The Star Wars comic book canon has grown to the point that it’s almost as intimidating as the Star Wars novel canon. The Expanded Universe has, well, expanded, so much over the last two decades that if you didn’t jump in right at the start and keep up with everything as it developed, you’ll find yourself in a very big hole if you start now. Therefore the trick is to find the really good stuff, the essential stuff, the stuff that even someone peripherally interested in Star Wars would have fun with. If we’re talking comics, that means it’s time to talk Dark Empire.
In the years after the death of Emperor Palpatine at the end of the Return of the Jedi, the leaders of the Rebel Alliance founded the New Republic in an effort to restore peace to the galaxy. But without a core of Jedi Knights (the peacekeeping backbone of the Old Republic), violence is still common. Imperial remnants continue to fight for control of the galaxy, battling both the Republic and each other for control. In the midst of this, Republic troops are using captured Star Destroyers to infiltrate Imperial fleets and incite confusion. During one of these raids, a Star Destroyer carrying Luke Skywalker and Lando Calrissian crashes onto the surface of Coruscant in the middle of a war zone. Han and Leia Solo (yup, they’ve been married for a while now) launch a rescue mission in the Millennium Falcon, and it’s there that Dark Empire begins.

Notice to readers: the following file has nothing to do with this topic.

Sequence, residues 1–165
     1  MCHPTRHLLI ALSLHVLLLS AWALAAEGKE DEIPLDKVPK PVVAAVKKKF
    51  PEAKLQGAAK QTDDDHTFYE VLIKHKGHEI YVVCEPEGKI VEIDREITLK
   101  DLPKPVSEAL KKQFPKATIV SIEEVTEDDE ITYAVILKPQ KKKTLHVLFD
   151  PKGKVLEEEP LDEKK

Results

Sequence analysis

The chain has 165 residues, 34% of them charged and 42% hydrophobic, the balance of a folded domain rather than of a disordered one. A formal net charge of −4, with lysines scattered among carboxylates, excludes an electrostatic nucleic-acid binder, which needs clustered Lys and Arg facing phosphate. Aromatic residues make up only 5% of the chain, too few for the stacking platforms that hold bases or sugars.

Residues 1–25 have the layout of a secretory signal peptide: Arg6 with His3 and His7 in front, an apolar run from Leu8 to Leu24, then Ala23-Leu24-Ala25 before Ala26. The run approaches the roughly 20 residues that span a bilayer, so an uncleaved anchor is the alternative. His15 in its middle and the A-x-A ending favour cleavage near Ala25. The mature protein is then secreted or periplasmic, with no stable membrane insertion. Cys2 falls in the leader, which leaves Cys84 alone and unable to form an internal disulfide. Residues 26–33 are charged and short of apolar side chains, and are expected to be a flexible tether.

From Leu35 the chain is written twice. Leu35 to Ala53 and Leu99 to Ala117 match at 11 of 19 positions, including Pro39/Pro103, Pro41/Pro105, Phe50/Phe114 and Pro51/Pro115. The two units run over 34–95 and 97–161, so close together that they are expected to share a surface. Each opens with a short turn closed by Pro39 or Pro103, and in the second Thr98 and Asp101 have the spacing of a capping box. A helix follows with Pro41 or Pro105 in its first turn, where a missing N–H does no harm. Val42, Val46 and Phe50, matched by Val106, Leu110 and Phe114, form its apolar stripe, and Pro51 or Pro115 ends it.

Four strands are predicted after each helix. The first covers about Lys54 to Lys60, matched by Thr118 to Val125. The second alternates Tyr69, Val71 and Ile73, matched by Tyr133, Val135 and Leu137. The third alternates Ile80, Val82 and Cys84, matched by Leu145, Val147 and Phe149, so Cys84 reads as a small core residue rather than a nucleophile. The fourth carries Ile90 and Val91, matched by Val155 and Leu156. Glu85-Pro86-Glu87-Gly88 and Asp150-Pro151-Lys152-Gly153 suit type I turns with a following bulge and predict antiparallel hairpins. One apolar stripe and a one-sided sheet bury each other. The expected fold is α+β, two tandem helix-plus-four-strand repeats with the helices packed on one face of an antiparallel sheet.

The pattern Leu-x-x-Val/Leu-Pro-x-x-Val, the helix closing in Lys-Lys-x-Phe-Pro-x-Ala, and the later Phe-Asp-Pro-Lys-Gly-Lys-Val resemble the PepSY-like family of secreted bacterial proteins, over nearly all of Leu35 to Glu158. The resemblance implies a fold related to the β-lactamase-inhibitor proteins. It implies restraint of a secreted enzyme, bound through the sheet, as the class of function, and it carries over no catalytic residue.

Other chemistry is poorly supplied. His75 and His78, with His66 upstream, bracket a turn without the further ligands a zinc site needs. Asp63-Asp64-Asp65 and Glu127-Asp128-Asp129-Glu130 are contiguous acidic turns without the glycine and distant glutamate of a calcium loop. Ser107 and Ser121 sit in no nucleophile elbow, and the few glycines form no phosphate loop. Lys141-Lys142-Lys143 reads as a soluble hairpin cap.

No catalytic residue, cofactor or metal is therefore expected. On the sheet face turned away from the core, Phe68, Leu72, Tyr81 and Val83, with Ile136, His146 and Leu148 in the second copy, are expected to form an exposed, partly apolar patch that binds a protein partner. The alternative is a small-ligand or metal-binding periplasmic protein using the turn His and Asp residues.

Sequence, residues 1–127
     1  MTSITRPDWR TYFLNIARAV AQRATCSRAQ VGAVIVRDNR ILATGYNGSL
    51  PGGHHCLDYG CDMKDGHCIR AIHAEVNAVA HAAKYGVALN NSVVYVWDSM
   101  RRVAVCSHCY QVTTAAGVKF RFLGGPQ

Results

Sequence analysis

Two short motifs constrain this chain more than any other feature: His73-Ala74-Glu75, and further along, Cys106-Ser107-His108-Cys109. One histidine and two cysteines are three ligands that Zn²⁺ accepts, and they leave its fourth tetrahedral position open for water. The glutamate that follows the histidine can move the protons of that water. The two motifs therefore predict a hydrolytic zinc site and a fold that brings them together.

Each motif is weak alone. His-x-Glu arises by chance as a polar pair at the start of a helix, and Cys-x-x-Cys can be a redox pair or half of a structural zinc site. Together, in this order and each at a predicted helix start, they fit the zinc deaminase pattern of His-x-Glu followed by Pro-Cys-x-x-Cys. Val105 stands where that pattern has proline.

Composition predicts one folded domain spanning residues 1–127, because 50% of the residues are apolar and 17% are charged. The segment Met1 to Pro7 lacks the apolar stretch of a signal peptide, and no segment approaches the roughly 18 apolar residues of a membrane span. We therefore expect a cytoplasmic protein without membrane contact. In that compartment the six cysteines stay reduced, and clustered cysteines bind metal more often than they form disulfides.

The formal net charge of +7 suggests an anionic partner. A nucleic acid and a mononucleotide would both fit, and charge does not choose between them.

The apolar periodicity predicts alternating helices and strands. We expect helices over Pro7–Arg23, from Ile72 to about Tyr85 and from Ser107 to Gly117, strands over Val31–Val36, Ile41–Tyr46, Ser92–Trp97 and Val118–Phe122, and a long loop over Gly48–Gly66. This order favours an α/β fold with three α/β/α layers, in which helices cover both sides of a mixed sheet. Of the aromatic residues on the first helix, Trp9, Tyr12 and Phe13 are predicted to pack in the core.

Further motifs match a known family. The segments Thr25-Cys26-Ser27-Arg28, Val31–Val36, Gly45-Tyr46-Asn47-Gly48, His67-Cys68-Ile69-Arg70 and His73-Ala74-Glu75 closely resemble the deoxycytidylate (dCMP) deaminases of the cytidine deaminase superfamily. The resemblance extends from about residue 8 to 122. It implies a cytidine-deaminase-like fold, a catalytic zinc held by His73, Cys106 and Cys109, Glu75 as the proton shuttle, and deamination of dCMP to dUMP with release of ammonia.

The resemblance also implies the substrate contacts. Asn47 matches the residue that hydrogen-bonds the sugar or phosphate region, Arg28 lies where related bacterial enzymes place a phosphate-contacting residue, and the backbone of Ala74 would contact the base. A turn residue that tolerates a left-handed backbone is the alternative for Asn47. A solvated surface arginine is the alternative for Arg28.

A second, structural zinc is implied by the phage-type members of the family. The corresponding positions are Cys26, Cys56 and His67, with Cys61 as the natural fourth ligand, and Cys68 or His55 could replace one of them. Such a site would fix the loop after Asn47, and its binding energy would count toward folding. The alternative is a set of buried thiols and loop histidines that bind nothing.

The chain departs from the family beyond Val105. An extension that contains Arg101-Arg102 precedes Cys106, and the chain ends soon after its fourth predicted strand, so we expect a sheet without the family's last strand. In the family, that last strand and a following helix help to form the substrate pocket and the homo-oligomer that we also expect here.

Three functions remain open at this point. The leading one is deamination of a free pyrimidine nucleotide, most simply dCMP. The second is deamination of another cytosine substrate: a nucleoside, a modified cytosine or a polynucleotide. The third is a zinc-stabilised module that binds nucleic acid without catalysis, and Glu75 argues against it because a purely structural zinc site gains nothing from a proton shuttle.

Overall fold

The series is notable for a number of reasons. When you hear Star Wars geeks talk about that time that Luke turned to the Dark Side, they’re talking about this series. When you hear them talk about the resurrection of The Emperor, they’re talking about this series. When you hear them say Boba Fett isn’t really dead, they’re talking about this series. Yes, writer Tom Veitch did all of this in the span of six issues, and it’s as cool as you think it is.
I knew going in to Dark Empire that all these things were going to happen, and I was honestly expecting some kind of garish spectacle. I was expecting so much epic that the story becomes secondary to the over-the-top madness. Veitch is better than that. Yes, this is the Star Wars story featuring Dark Side Luke and the return of Emperor Palpatine and Boba Fett, but it’s also the Star Wars story that simultaneously challenges and re-affirms everything we know about Star Wars.
Even as Veitch is bringing people back to life and turning the good guys evil, he’s also placing his story in the same adventurous context as Return of the Jedi. The big Force-related matters are matched by Han and Leia’s own adventures as they attempt to rescue Luke. It’s the same blending of life and death matters and hyperspace fun that the original trilogy brought to the table. Add to that Cam Kennedy’s confident, almost dreamy art (his planets are particularly gorgeous), and it becomes a worthy addition to the canon for any Star Wars fan.
Plus, it has Boba Fett. You can’t argue with more Fett.